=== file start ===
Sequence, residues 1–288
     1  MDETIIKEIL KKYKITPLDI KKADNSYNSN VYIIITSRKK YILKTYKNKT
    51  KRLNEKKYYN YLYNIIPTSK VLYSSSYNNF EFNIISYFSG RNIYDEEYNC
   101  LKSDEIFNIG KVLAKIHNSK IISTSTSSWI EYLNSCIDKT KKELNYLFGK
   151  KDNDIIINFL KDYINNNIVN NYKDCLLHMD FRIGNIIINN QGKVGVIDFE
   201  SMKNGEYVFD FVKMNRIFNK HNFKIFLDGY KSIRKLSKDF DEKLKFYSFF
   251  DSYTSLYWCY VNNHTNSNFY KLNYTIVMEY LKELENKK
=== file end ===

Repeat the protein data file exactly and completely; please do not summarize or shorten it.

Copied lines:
Sequence, residues 1–288
     1  MDETIIKEIL KKYKITPLDI KKADNSYNSN VYIIITSRKK YILKTYKNKT
    51  KRLNEKKYYN YLYNIIPTSK VLYSSSYNNF EFNIISYFSG RNIYDEEYNC
   101  LKSDEIFNIG KVLAKIHNSK IISTSTSSWI EYLNSCIDKT KKELNYLFGK
   151  KDNDIIINFL KDYINNNIVN NYKDCLLHMD FRIGNIIINN QGKVGVIDFE
   201  SMKNGEYVFD FVKMNRIFNK HNFKIFLDGY KSIRKLSKDF DEKLKFYSFF
   251  DSYTSLYWCY VNNHTNSNFY KLNYTIVMEY LKELENKK